Sheriff: Victim’s Head Still Missing

(CNN)

We found a foot first. I think it was a right foot. I remember we found the foot and then found another right foot later and the coroner insisted that the second foot did not belong to the same body as the first foot. I remember I asked him if some individuals might not have two right feet or two left feet and he told me that no, they wouldn’t. I didn’t want to let it go even when he pointed out that the second right foot was from a female, whereas the first one was from a male. Don’t they say guys all have a little female in them, which explains why when you’re in the shower, you can’t help checking out another guy’s equipment?

Then we found a left foot that the corner said, due to its DNA, matched up with the first right foot. He also told me when I asked, that an individual with two male feet and one female foot would defy the laws of nature and would be ungodly. As a good Christian, I let the extra foot go at that point. We filed it away as Unidentified Body #2, Part #1.

Next we found the male individual’s coccyx. It wasn’t what it sounds like. At this point the coroner told me that this individual had experienced a grievous injury of some sort. You can lose both feet in a variety of ways. A train can run over them and chop them off. But then you go get some artificial feet and some crutches and life goes on. But if you lose your coccyx, it’s not like getting your boxer’s tail docked. You will be in a world of hurt. Hemorrhoids don’t compare.

This is the point at which we put that running checklist into the evening paper. This is the point at which Betty’s Doughnuts started offering $5 worth of crullers for each new body part found. And when the head became the only part left missing and unchecked in the list, Betty upped her award to $10 worth of glazed and House of Bamboo threw in an end table.

Lester Branchette the first-grade teacher contributed an artist’s sketch of the missing head – as seen from a rear view, hair color and curl based upon the found torso’s back hair.

Everyone in the community seems to agree that this thing – this search for the body parts and so on – has brought us all a little bit closer together and taught us all a little something about what the coroner likes to call “anatomy.”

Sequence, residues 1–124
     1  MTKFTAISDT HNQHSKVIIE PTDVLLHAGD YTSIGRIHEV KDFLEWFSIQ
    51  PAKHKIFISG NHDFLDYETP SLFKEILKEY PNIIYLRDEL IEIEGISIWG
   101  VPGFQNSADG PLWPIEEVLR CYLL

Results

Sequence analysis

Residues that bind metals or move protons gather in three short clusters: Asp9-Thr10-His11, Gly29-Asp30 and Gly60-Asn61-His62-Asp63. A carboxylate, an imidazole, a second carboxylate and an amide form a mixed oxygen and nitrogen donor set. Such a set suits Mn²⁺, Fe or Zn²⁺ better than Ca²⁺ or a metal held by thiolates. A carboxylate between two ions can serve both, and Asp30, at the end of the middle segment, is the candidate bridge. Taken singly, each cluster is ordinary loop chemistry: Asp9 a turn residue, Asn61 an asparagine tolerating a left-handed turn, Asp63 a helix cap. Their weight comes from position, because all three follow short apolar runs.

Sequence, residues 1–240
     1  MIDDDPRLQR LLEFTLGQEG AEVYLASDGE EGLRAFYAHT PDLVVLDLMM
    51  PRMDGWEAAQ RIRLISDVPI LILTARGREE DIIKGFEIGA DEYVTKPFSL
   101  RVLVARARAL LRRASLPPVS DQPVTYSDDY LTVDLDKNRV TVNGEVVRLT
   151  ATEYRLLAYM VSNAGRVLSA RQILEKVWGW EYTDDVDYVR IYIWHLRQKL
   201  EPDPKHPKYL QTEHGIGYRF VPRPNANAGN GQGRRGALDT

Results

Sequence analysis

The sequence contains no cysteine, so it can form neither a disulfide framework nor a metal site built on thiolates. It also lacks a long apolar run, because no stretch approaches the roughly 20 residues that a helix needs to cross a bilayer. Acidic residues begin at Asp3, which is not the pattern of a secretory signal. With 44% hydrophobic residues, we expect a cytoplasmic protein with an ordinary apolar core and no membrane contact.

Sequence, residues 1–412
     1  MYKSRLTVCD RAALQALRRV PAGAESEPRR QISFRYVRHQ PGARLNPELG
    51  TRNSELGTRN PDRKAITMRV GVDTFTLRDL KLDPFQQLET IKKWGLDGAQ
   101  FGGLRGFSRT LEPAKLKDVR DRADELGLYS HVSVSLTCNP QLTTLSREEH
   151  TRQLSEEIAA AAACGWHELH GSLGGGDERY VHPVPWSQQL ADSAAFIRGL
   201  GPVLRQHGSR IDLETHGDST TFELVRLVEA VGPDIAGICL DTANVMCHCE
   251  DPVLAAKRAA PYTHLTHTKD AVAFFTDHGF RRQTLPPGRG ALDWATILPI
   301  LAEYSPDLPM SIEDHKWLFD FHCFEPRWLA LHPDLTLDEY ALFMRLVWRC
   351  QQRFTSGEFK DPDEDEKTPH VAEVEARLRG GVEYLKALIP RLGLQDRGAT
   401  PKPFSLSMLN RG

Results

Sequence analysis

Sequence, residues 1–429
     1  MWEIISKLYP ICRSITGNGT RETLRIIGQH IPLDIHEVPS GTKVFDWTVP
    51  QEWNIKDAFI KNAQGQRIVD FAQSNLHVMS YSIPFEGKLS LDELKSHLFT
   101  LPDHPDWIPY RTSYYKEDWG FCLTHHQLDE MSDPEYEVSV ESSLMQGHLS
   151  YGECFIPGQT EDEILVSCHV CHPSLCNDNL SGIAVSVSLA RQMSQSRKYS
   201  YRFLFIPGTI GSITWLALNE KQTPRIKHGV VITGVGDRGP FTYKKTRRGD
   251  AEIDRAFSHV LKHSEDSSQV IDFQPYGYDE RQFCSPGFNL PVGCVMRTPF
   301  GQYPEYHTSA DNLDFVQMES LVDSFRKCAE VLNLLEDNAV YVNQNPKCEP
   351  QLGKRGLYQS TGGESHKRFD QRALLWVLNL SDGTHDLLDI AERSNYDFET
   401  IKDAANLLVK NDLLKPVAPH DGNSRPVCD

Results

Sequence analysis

Man forced to have enemas gets $1.6M

[CNN headline]

I got the $1.6 million, so I guess I can say a word or two on the subject.

What is the main point here? What have we learned?

Have you ever received an award of  $1.6 million? No? Then shut your pizza-hole!

What we have learned here is, and forget the taxes, that’s a whole different conversation, what we have learned here is, what can you get for $1.6 million?

I know what you can get for  $1.6 million. Not much. In Silicon Valley, you can’t buy a  doghouse for $1.6 million. $1.6 million isn’t squat. You spend it and it’s gone and you’re no happier than you were before the enemas.

What I mean is, an enema, you’re outraged, you’re uncomfortable, they tell you to hold it, hold it, hold it, until you’re like, really? More? What are we waiting for here? What is this, a contest? Book of world records? Just let me sit on the pot for chrissakes! I’m a grown man!

Then you get your $1.6 million and go out and look at the big houses. The mansions in town. It’s expected. You’re holding  $1.6 million, what are you going to do? Open a savings account at .002% interest? No, you’re supposed to buy a damn mansion.

But around here with the young techies, you can whistle for a mansion,  all the chance you’re going to get one. Go find six bedrooms with separate baths, a nice pool, servant quarters. For your piddling  $1.6 million, maybe you get the quarters.What I mean is, an enema, you’re outraged, you’re uncomfortable, they tell you to hold it, hold it, hold it, until you’re like, really? More? What are we waiting for here? What is this, a contest? Book of world records? Just let me sit on the pot for chrissakes! I’m a grown man!

Then you get your $1.6 million and go out and look at the big houses. The mansions in town. It’s expected. You’re holding  $1.6 million, what are you going to do? Open a savings account at .002% interest? No, you’re supposed to buy a damn mansion.

But around here with the young techies, you can whistle for a mansion,  all the chance you’re going to get one. Go find six bedrooms with separate baths, a nice pool, servant quarters. For your piddling  $1.6 million, maybe you get the quarters.

Now I’m back in, going for another $1.6 million. I’m getting better at holding it.

 

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Fifty-word stories.